You may connect Hyperbaric Oxygen Therapy (HBOT) with speedy recovery programs for high-performance athletes or treatment of decompression illness from scuba diving, but the application of increased oxygen under pressure to accelerate the body’s natural healing process can be advantageous to those suffering from many common issues, as well.
UC San Diego Health operates two hyperbaric facilities: Encinitas and Hillcrest. The Hillcrest facility has the only hyperbaric chamber in the county open 24 hours a day, 365 days a year. The center’s team of experts are prepared to handle wound care and hyperbaric emergencies. The Encinitas location, however, is open only on weekdays for non-emergent outpatient cases.
“We’re trying to educate patients in the community and their referring physicians about the bene?ts of Hyperbaric Oxygen Therapy for those with non-healing diabetic foot ulcers, injury related to radiation exposure from cancer therapy, compromised or failing skin grafts/?aps following plastic surgery, or chronic bone infection.,” said Dr. Caesar Anderson, Medical Director at UC San Diego Health, Encinitas specializing in Advance Wound Care and Hyperbaric Medicine.
“Some people think the therapy almost sounds too high-tech, but it is actually one of the most natural ways to treat your body. Oxygen is our medication and pressure is how we are able to dose it. Providing an environment of enriched oxygen delivery can help our body combat infection and serve as a natural healing process for a wide range of challenging medical illnesses.”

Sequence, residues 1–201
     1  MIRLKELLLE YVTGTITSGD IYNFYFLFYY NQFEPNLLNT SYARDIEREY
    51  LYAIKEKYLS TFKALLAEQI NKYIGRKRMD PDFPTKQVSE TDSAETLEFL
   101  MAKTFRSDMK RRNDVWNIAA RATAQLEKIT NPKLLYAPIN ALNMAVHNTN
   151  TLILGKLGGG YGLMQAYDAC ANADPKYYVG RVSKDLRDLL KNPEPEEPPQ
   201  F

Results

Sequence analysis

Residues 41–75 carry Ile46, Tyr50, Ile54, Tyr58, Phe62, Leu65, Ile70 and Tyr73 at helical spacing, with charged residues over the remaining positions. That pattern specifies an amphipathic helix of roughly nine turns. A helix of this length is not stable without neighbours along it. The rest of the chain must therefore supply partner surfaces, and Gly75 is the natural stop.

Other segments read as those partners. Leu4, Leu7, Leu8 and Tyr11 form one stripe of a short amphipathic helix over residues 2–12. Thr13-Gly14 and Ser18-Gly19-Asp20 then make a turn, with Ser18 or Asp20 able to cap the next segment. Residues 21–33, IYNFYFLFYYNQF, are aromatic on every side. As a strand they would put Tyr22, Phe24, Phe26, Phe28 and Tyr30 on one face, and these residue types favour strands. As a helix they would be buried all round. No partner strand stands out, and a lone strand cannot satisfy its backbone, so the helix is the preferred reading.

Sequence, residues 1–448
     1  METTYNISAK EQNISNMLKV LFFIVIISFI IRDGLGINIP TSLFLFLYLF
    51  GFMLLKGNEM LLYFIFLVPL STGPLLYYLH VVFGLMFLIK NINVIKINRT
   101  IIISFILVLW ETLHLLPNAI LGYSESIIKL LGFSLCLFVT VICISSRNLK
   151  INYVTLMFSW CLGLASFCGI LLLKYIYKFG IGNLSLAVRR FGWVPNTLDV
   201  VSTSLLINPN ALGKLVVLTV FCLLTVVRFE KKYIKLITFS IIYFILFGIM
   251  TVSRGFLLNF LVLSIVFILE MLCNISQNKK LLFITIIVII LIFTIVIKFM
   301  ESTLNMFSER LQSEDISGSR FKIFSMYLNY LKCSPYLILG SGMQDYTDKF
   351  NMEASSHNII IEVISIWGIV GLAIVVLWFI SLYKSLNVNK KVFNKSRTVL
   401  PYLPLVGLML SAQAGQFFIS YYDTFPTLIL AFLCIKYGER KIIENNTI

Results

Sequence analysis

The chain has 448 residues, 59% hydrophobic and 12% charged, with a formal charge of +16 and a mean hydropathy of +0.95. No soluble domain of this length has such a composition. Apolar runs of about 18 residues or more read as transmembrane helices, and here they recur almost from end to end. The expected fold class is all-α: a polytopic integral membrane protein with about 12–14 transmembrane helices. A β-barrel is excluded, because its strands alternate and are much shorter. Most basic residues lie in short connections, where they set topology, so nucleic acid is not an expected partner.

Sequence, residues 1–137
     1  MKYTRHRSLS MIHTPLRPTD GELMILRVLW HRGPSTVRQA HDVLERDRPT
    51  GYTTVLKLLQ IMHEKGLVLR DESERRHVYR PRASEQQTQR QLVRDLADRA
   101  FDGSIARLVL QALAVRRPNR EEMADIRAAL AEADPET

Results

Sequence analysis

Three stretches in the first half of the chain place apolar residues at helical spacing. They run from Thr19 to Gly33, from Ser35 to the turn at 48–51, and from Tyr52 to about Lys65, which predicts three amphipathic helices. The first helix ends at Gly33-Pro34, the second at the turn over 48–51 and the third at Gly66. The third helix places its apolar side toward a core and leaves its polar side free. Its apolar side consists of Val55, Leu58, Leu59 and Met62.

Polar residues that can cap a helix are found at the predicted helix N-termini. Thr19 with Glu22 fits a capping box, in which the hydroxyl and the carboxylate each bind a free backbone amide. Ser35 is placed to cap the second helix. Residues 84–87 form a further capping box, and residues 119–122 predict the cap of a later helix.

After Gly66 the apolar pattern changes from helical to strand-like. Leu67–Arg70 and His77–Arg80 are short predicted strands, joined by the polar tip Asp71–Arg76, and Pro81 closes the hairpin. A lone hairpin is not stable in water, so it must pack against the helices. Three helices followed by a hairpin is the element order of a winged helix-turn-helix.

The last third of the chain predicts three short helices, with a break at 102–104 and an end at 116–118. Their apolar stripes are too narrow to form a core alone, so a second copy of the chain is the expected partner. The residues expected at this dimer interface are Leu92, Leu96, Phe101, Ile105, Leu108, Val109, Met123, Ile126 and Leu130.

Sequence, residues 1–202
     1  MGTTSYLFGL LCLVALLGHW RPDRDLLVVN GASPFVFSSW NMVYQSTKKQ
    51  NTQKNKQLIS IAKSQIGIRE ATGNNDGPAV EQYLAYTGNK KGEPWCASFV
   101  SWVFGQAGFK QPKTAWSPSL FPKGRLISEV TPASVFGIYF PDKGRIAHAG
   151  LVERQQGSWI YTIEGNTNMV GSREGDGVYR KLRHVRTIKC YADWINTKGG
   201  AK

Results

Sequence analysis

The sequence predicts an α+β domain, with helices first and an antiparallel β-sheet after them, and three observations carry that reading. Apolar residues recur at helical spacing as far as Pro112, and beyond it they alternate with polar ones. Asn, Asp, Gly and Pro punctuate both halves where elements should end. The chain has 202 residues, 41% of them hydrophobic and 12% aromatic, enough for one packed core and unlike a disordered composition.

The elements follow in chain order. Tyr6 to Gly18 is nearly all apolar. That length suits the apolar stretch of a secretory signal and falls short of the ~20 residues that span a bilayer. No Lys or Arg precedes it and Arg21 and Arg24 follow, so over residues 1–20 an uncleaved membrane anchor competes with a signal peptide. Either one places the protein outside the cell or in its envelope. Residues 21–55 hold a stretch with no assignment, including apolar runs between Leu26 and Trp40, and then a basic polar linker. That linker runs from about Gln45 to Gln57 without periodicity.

HBOT takes place in a pressurized chamber where 100% oxygen is delivered. It is effective for patients suffering from the aforementioned illnesses because it effectively facilitates the penetration of oxygen into oxygen-deprived body tissue. HBOT speeds up the healing process by delivering oxygen to these injured areas.
Anderson cautions that HBOT is not designed as the sole method to heal these challenging wounds, but to enhance the effectiveness of combined treatment with surgery, antibiotic support and comprehensive wound care.
“It is low-risk, non-invasive and cost-effective,” Dr. Anderson said. “And we’ve found that most of our therapies are fully covered by insurance.”
About the Chambers
The chambers at UC San Diego Health are large and can treat multiple people at one time. A certi?ed hyperbaric technician or emergency medical technician accompanies patients inside the chamber at all times.
In Encinitas, “we have out?tted the chamber with comfortable recliners, so patients can sit back and read their book or even watch the movie of the day,” Anderson said. “It really is a humane and relaxing experience.”
And if you’re wondering about side effects, complications are rare. HBOT is generally a safe procedure, especially when performed under UC San Diego Health’s expert supervision. “The most common side effect is middle ear barotrauma, which causes a feeling similar to ?ying in an airplane,” Anderson said. “We teach simple techniques like yawning, chewing gum or swallowing to take care of this problem quite easily.”
UC San Diego Health ascribes strictly to the published guidelines of the Undersea Hyperbaric Medical Society. “This means we only deliver HBOT to speci?c subsets of diseases that have been rigorously tested,” Anderson said.
The typical HBOT therapy period spans about 20 treatments over the course of four weeks. Each treatment generally lasts about two hours. UC San Diego takes new patients on a referral basis only so speak with your physician today and check out http://health. ucsd.edu/specialties/hyperbaric for more information.